Friday, October 6, 2017


Some people in Swaziland have been refused national identity cards because of their hairstyles.

It happened at a time when schoolchildren across the kingdom, ruled by King Mswati III as sub-Saharan Africa’s last absolute monarch, queued for IDs following a new rule that they had to have them to sit examinations.

Officials at BMD [registration] offices refused to take photographs of applicants they considered had inappropriate hairstyles, the Swazi Observer reported on Friday (6 October 2017).

The newspaper said, ‘They said they were told by one of the officers that if they had hairstyles, they had to fix them and return to the BMD offices with their natural hairstyles.’ 

One boy interviewed by the newspaper had a Mohawk hairstyle, which he wanted to appear on his ID. The newspaper quoted him saying, ‘I am here for my ID and have this hairstyle that I want to appear in my ID because it defines who I am.’

Home Affairs Principal Secretary Anthony Masilela told the newspaper, ‘We usually advise people against doing hairstyles because that might compromise the natural appearance on their ID cards. If they insist on being photographed with their hairstyles, no one can prevent them from doing that.’

People in Swaziland have been discriminated in the past because of their personal choices. At the last national election in 2013. Mana Mavimbela, aged 18, drew international attention to the undemocratic poll when she tried to have herself nominated to stand in the primary election for the House of Assembly. The official presiding officer, employed by the Elections and Boundaries Commission refused to allow her to do so because she was dressed in jeans.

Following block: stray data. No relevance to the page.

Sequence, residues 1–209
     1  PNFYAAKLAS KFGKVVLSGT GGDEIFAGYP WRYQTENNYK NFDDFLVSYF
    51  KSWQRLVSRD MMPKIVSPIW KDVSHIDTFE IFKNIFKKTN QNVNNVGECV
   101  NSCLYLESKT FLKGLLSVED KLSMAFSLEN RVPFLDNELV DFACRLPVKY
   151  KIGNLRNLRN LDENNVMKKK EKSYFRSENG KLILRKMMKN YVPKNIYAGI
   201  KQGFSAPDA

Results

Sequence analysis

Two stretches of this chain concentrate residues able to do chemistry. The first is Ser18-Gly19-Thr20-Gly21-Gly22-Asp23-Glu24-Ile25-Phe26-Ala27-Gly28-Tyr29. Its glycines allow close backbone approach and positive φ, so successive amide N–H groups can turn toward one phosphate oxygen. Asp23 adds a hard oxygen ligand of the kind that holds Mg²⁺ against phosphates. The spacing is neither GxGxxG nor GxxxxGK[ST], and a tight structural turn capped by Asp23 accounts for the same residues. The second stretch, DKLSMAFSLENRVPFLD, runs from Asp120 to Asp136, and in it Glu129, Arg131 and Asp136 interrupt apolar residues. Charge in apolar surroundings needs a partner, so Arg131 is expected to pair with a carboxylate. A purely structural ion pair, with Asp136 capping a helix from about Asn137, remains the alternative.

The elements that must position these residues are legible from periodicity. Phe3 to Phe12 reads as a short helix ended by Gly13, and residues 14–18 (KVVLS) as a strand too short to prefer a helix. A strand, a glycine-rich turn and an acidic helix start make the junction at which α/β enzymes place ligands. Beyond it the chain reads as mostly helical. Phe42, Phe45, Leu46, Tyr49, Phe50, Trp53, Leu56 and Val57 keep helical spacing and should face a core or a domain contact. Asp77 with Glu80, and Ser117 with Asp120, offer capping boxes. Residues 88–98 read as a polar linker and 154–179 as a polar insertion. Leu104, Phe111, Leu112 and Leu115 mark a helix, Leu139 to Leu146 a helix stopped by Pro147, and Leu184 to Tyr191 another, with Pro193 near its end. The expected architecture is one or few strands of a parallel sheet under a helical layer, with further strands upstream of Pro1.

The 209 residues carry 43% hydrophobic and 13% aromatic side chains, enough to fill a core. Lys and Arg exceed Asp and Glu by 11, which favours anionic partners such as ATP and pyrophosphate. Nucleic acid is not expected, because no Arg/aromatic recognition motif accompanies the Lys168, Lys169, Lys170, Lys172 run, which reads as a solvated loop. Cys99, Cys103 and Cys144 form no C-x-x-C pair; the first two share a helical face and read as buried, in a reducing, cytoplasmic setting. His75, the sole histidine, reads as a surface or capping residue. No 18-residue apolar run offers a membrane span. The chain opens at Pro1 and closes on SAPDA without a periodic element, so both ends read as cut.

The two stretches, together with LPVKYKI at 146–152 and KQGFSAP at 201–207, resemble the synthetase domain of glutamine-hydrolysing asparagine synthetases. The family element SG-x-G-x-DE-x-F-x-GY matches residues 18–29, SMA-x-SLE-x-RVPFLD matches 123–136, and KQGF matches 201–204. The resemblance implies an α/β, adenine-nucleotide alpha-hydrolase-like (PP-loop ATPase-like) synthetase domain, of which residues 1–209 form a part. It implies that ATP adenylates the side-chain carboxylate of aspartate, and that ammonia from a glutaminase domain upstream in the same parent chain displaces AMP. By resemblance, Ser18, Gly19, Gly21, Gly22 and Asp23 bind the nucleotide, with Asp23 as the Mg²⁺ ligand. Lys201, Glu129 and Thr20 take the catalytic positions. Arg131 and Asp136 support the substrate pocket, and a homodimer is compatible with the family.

Mavimbela was not the only woman discriminated against at the nominations because she was wearing pants. Fakazile Luhlanga of Ndvwabangeni in the Mhlangatane constituency was also not allowed permission to nominate a candidate as she was wearing cargo pants. 

Local media reported Luhlanga saying she was told that she was dressed like a man and would be a bad influence to the community members as they would want to emulate her.

Some chiefs across Swaziland imposed a ban on women wearing trousers, shorts or mini-skirts at nomination centres. Chief Petros Dvuba of Mpolonjeni in Mbabane, the kingdom’s capital, said people who would be going to the nominations should dress properly and show respect as it was King Mswati III’s exercise.  He told local media, ‘Even those who have relaxed hair should cover their heads when going to that place.’ 

In a separate incident away from the election, Nhlonipho Nkamane Mkhatswa, chief of Lwandle in Manzini, the main commercial city in Swaziland, reportedly stripped a woman of her clothing in the middle of a street in full view of the public because she was wearing trousers.

Also, three women in Dvokolwako in Swaziland were summoned by ‘traditional authorities’ for wearing trousers after elders in the area had banned them. One woman said someone reported her after she was spotted wearing jeans as she was walking to the shops. Another woman was said to be wearing pants at her home when she was charged.

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